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Sunday, June 14, 2015

Blood Ceremony: The Eldritch Dark

BLOOD CEREMONY: THE ELDRITCH DARK (2013)

1) Witchwood; 2) Goodbye Gemini; 3) Lord Summerisle; 4) Ballad Of The Weird Sisters; 5) Eldritch Dark; 6) Drawing Down The Moon; 7) Faunus; 8) The Magician.

Well, I was wondering when they would finally begin to exploit the folk side of their schtick, and here it comes: Blood Ceremony's third album, The Eldritch Dark, has them expanding into the realm of dark acoustic tales (ʽLord Summerisleʼ, a Wicker Man tribute sung as a duet by Alia with bassist Lucas Gadke), ʽMatty Grovesʼ-style murder ballads (ʽBallad Of The Weird Sistersʼ, replete with fiddles and long-winded rhyming sequences), and merry flute jigs (ʽFaunusʼ, an in­strumental that brings up the theme of horned deities yet once more).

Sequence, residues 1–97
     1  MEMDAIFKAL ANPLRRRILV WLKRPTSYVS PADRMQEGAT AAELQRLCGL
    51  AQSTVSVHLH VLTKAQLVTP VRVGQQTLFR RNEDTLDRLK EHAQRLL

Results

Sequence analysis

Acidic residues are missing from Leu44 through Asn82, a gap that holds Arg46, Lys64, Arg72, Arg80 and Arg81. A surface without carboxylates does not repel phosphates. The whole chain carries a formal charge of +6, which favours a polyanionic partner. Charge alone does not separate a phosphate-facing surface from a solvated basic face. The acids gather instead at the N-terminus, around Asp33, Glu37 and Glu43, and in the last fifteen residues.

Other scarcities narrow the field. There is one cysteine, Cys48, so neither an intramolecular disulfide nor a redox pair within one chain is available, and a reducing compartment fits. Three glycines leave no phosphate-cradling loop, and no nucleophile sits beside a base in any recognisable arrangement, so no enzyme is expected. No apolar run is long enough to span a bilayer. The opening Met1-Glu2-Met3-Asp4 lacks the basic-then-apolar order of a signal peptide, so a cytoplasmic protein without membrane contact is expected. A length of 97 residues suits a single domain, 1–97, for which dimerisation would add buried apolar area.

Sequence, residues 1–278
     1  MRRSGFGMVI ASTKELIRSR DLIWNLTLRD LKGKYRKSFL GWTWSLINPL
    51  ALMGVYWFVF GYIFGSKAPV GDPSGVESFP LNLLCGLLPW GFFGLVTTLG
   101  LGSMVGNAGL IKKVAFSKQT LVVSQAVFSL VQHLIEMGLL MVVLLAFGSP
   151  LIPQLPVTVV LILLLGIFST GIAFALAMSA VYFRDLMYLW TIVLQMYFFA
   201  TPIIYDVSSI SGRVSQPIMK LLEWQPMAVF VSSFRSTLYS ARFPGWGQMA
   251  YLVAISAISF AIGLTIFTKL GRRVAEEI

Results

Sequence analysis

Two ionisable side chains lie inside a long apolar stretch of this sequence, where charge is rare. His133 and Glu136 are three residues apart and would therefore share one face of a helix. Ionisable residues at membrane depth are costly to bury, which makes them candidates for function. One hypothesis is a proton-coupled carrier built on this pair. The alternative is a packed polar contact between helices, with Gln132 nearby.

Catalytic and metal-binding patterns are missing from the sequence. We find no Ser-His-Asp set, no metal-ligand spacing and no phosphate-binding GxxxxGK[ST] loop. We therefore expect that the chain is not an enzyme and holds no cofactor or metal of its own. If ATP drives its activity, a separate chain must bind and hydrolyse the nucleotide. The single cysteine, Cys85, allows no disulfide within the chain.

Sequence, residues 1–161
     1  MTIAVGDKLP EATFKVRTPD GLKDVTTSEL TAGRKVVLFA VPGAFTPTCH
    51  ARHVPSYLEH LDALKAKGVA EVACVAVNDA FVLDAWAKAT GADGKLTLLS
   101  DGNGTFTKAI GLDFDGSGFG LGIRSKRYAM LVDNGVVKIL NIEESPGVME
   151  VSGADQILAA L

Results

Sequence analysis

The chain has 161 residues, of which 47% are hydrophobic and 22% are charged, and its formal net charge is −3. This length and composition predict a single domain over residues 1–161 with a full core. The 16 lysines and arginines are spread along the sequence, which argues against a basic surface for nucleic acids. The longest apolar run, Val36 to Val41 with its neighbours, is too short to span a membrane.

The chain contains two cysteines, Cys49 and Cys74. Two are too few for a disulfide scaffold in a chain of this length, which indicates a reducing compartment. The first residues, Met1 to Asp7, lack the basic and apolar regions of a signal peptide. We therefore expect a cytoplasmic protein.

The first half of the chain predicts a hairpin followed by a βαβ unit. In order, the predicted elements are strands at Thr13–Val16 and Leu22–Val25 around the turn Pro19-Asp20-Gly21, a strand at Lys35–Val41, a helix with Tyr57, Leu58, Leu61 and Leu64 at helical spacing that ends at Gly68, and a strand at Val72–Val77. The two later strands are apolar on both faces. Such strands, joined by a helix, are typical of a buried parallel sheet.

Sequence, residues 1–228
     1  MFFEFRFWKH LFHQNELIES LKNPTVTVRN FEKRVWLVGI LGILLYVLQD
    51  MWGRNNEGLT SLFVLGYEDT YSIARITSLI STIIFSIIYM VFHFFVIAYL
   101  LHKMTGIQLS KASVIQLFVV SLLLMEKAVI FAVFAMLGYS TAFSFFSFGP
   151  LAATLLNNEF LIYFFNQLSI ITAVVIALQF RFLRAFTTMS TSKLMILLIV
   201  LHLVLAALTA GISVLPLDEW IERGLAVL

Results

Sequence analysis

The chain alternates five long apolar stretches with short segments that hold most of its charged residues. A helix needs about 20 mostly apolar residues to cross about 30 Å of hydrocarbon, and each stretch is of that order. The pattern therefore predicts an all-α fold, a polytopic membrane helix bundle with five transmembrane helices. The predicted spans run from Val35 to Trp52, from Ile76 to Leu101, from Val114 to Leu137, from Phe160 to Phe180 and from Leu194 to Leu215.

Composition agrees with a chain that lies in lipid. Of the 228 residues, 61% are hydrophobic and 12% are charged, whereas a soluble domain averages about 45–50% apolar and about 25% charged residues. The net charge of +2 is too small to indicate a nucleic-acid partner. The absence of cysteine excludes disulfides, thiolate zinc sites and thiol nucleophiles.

Predictably, none of this is great — all the melodic structures are completely traditional, and if you are well familiar with the music of at least a few bands like Fairport Convention and Steeleye Span... then again, it should be mentioned that Blood Ceremony have no desire to go completely «authentic»: ʽLord Summerisleʼ, for instance, in addition to the acoustic guitar and flute parts, is eventually joined by a Mellotron backing part. Maybe it's just a cheap trick to procure additional «depth» for this simplistic piece, but somehow I do not quite remember that many folk bands singing medieval ballads with Mellotrons, or prog bands with Mellotrons singing medieval bal­lads with flutes. Well, I guess there must have been (Amazing Blondel?), but it's hardly the most natural combination in the world. Likewise, ʽWeird Sistersʼ actually combines flutes, fiddles, and heavy rock riffage in a rather fun way.